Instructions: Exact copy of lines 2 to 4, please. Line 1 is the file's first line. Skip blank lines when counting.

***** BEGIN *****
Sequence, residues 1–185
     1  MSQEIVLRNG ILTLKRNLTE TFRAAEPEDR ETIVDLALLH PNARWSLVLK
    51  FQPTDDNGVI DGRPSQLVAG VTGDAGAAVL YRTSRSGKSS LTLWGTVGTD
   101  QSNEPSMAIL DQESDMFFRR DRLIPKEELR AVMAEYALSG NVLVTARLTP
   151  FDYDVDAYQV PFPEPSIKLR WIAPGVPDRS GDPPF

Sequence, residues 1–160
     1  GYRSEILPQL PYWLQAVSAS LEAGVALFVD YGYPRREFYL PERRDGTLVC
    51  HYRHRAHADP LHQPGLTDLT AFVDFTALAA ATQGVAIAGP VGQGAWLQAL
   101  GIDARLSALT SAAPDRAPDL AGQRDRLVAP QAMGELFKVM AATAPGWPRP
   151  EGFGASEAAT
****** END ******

     1  MSQEIVLRNG ILTLKRNLTE TFRAAEPEDR ETIVDLALLH PNARWSLVLK
    51  FQPTDDNGVI DGRPSQLVAG VTGDAGAAVL YRTSRSGKSS LTLWGTVGTD
   101  QSNEPSMAIL DQESDMFFRR DRLIPKEELR AVMAEYALSG NVLVTARLTP